There is no evidence that NEXIUM IV is addictive.

Before you are given NEXIUM IV

When you must not have it

Do not use NEXIUM IV if you have allergies to:

  • NEXIUM IV or any ingredient listed at the end of this leaflet
  • any medicines containing a proton-pump inhibitor

Symptoms of an allergic reaction include skin rash, difficulty in breathing, hayfever or feeling faint.

Do not use NEXIUM IV if you are taking atazanavir or cilostazol. Please check with your doctor or pharmacist if you are taking these medicines. These medicines will be affected by NEXIUM IV.

NEXIUM IV is not approved for use in children less than 1 year of age.

NEXIUM IV will only be used if the solution is clear, the package is undamaged and the use by (expiry) date marked on the pack has not been passed.

Before you are given it

You must tell your doctor if you have:

  • any allergies to any other medicines, foods, dyes or preservatives
  • any other medical conditions; e.g. liver disease
  • been diagnosed with osteoporosis
  • if you have ever had a skin reaction after treatment with a medicine similar to NEXIUM IV that reduces stomach acid

Do not use NEXIUM IV if you are pregnant or breastfeeding unless your doctor says so. Ask your doctor about the risks and benefits involved.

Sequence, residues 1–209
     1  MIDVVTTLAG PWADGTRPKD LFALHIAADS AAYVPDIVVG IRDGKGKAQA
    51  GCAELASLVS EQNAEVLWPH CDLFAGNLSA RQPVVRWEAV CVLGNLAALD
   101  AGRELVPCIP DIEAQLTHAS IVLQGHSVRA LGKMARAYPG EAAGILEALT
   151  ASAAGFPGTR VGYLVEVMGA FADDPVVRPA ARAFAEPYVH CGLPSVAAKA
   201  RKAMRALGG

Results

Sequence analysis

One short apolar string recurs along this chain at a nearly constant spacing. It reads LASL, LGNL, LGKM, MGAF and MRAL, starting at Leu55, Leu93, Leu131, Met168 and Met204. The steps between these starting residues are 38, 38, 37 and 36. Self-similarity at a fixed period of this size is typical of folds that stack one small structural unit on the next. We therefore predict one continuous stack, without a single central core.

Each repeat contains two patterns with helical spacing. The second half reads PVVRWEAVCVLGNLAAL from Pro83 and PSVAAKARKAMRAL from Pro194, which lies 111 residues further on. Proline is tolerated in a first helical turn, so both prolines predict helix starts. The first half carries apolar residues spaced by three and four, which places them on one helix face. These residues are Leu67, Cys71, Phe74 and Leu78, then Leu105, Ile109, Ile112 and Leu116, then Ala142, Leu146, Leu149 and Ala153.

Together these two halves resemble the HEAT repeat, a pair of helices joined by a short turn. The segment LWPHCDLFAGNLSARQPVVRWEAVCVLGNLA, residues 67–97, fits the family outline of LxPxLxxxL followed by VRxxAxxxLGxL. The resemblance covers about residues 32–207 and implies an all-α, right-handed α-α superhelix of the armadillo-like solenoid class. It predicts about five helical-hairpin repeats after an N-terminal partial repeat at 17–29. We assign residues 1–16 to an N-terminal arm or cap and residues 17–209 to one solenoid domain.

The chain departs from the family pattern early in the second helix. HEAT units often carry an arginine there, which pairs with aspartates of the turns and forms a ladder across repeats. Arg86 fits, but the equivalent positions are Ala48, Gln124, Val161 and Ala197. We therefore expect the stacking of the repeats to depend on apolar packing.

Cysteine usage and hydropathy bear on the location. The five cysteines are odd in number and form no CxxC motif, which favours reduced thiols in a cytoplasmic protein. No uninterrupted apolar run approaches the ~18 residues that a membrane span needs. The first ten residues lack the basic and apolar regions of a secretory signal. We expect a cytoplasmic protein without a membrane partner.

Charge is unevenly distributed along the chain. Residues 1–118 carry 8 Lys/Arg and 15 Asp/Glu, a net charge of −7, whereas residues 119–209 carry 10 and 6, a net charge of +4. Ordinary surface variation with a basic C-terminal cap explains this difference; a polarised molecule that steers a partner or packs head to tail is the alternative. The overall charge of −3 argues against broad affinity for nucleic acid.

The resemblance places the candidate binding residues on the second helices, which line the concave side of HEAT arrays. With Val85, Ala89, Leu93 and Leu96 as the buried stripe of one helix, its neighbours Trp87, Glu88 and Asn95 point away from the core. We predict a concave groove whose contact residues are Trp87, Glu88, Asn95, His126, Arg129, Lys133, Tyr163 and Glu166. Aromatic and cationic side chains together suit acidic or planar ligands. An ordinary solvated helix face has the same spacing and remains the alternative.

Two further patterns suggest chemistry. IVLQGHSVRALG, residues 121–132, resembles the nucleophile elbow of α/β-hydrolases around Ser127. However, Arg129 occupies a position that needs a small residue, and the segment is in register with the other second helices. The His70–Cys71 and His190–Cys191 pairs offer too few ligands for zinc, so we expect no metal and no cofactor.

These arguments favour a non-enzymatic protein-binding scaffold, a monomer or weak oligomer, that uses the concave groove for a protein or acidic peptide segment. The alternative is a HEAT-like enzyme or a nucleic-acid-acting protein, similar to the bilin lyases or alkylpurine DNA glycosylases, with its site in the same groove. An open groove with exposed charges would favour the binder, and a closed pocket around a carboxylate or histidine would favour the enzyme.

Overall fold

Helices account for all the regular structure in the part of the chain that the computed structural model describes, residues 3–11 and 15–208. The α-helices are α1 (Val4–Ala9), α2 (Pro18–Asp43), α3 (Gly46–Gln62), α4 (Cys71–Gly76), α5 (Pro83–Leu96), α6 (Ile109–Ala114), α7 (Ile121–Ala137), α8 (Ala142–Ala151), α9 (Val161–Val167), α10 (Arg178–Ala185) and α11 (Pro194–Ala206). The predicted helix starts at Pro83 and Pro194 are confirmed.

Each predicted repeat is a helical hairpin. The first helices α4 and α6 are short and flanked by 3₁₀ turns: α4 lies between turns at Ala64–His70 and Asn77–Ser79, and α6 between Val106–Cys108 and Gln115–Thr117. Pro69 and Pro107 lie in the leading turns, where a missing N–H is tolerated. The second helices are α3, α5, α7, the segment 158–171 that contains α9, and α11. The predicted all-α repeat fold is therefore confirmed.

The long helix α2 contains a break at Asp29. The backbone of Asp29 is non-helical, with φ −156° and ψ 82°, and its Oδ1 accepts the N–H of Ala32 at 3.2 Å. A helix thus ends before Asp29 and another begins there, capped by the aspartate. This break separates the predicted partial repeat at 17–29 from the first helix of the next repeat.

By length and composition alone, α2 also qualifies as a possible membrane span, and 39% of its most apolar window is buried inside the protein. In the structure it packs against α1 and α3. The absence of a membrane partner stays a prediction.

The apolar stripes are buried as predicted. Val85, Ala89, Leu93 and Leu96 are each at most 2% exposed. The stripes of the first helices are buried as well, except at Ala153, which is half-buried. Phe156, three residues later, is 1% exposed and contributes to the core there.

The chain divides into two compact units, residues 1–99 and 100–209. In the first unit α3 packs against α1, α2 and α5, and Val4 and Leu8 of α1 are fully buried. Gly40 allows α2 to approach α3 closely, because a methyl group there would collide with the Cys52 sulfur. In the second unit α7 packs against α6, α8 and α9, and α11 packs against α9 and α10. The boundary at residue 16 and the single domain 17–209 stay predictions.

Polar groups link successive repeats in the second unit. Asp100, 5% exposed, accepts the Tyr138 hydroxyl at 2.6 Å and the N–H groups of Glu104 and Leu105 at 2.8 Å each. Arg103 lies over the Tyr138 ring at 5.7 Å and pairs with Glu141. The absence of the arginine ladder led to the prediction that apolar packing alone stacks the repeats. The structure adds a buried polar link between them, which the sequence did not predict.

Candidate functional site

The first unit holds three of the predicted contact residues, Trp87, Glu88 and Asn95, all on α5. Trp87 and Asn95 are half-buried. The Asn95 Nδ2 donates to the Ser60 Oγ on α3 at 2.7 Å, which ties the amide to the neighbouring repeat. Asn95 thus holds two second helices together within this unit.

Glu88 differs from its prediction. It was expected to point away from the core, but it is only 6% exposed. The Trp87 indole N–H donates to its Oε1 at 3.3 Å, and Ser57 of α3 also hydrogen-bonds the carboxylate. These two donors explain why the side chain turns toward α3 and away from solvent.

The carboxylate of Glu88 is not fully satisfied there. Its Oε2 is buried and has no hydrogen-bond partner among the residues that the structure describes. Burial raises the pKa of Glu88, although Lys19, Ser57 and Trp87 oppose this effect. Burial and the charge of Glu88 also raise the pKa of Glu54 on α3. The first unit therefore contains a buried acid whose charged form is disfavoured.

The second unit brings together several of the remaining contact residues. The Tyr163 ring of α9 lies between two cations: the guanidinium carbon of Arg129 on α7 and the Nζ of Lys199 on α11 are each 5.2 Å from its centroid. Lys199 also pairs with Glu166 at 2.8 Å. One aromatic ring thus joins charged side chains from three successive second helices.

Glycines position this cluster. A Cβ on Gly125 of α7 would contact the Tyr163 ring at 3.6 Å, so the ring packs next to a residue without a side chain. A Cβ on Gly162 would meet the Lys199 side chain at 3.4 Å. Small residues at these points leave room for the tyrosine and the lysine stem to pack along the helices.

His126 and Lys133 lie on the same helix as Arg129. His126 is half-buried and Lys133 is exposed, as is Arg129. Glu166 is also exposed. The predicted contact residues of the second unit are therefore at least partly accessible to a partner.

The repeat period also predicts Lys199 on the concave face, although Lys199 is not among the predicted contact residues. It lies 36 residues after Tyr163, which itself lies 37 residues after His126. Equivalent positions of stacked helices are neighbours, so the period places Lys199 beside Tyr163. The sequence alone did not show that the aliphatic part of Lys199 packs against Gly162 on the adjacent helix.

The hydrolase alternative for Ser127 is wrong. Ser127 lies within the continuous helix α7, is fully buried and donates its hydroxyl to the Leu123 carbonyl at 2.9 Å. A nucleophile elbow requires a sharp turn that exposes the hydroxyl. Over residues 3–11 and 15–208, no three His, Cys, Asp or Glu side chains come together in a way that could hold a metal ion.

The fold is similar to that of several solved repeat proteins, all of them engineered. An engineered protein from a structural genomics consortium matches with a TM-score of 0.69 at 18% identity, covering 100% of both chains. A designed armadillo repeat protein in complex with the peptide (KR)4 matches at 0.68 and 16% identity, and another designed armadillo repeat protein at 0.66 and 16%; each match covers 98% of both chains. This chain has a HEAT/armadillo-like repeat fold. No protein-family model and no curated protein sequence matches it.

It is not known if it is safe for you to be given NEXIUM IV while you are pregnant. It may affect your baby.

It is not known if your baby can take in NEXIUM IV from breast milk if you are breastfeeding.

Taking other medicines

Do not use NEXIUM IV if you are taking the following medicines:

  • atazanavir and nelfinavir - medicines used to treat Human Immunodeficiency Virus (HIV)
  • cilostazol - a medicine used to treat intermittent claudication

Tell your doctor if you are taking any other medicines, including any that you buy without a prescription from your pharmacy, supermarket or health food shop.

Some medicines and NEXIUM IV may interfere with each other. These include:

  • phenytoin - a medicine used to treat epilepsy
  • warfarin and clopidogrel - medicines used to prevent blood clots
  • diazepam - a medicine used to treat anxiety and some other conditions
  • ketoconazole, itraconazole and voriconazole - medicines used to treat fungal infections
  • citalopram, clomipramine and imipramine - medicines used to treat depression
  • St John's wort - a herbal remedy used to treat mood disorders
  • clarithromycin, erythromycin and rifampicin - medicines used to treat bacterial infections
  • digoxin - a medicine used to treat heart problems
  • methotrexate - a medicine used to treat arthritis and some types of cancer